With his hands still in the air, Nazario tells the officers, “I’m reaching for my seat belt,” before stepping out of the vehicle. The officers order him to the ground while Nazario continues to stand by the vehicle and ask what’s happening.

“You made this way more difficult than it had to be if you’d just complied,” Gutierrez is heard saying in the body camera footage.

In the footage, the officers wrestle Nazario to the ground and handcuff him while he repeatedly says, “This is f**ked up.”

Footage shows reflects trend, lawsuit says

Paramedics arrive soon after to treat Nazario for the pepper spray. At Nazario’s request, Crocker also opens the back window of the vehicle for the dog, who is in a crate in the back.

Bodycam footage shows Gutierrez telling Nazario he understood the lieutenant chose to continue driving before stopping at the gas station for safety reasons, and that it “happens all the time” and “80% of the time — not always — it’s a minority.”

The officers ultimately released Nazario without charges. But the lawsuit claims the officers “engaged in conduct in an attempt to extort” Nazario’s silence by saying “in no uncertain terms” that unless he “were to remain silent” the officers would “charge him with multiple crimes” and “destroy his military career.”

In the bodycam footage, Gutierrez is heard telling Nazario he had spoken with the police chief and had two options: the officers could either wait with him until he could drive home — “go do your deployment, go continue serving my country” — and release him without charges. Or they could “push the issue,” write him a ticket for no license plate display and charge him with obstruction of justice.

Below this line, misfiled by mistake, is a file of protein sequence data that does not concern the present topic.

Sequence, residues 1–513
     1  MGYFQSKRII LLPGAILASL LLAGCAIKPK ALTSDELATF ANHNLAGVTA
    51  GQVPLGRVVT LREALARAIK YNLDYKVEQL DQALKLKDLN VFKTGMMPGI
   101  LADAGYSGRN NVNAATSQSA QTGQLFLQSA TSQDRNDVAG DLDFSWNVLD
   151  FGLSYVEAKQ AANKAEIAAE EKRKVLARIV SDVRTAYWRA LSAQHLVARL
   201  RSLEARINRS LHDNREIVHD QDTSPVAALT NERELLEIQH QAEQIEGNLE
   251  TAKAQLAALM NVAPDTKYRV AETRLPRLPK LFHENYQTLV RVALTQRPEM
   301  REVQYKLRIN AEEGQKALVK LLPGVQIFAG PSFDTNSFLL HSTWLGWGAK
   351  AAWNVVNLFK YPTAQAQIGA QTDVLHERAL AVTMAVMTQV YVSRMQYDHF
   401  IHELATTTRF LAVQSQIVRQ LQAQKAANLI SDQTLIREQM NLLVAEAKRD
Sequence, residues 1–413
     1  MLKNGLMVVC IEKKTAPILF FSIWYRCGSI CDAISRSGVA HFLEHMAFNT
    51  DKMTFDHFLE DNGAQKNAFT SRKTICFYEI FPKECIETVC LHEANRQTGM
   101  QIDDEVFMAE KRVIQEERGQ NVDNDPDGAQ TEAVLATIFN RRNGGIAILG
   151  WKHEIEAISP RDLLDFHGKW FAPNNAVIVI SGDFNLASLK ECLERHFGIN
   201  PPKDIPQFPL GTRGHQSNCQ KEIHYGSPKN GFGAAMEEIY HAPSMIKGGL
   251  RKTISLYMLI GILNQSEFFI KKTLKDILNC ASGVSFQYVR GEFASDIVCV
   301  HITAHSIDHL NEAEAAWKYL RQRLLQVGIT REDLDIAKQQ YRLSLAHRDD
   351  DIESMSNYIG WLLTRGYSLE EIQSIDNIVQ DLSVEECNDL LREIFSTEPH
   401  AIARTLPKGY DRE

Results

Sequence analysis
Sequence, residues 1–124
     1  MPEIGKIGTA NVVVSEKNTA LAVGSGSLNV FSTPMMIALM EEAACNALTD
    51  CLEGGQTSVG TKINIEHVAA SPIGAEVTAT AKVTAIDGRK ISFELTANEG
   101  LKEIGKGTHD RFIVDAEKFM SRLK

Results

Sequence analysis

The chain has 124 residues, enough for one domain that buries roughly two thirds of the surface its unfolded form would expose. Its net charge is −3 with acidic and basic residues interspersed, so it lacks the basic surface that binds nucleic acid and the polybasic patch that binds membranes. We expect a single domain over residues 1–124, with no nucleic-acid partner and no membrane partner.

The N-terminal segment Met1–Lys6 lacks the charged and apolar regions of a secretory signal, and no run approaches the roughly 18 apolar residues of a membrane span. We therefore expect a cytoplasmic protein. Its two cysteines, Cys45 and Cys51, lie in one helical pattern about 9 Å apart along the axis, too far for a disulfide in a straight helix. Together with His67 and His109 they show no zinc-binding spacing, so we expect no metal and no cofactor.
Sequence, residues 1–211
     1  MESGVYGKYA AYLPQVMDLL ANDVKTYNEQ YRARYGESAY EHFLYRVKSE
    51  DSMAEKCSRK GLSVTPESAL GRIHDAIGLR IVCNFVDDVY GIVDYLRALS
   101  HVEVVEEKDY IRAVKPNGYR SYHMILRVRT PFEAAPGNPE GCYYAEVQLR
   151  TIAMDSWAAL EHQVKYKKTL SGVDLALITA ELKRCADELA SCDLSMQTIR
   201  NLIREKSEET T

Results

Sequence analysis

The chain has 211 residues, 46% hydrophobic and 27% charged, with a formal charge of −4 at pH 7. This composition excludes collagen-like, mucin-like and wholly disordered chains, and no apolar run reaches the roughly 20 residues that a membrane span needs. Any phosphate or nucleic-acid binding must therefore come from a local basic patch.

“There’s no need getting this on your record,” Gutierrez is heard saying in the bodycam footage. “If you want to fight it and argue … if that’s what you want, we’ll charge you, have you go to court, notify the commander, do all that,” Gutierrez said.

In his report, Gutierrez wrote he chose to let Nazario go because he knew the military could take punitive action against Nazario.

“Being a military veteran I did not want to see his career ruined over one erroneous decision,” Gutierrez says.

Taken together, Nazario’s lawsuit says, the footage is indicative of a wider trend among police officers in the US.

“These cameras captured footage of behavior consistent with a disgusting nationwide trend of law enforcement officers, who, believing they can operate with complete impunity, engage in unprofessional, discourteous, racially biased, dangerous, and sometimes deadly abuses of authority, (including issuing unreasonable comply-or-die commands,) ignore the clearly established mandates of the Constitution of these United States and the state and local laws, and usurp the roles of legislator, judge, jury, and executioner; substituting the rule of law for their arbitrary and illegal conduct,” the lawsuit said.

Virginia Attorney General Mark Herring called the incident “unacceptable” in a tweet Saturday. His office was monitoring the situation, Herring said, and he called on the Windsor Police Department to be “fully transparent.”

“The video doesn’t show anything to justify how Lt. Nazario was treated,” he wrote.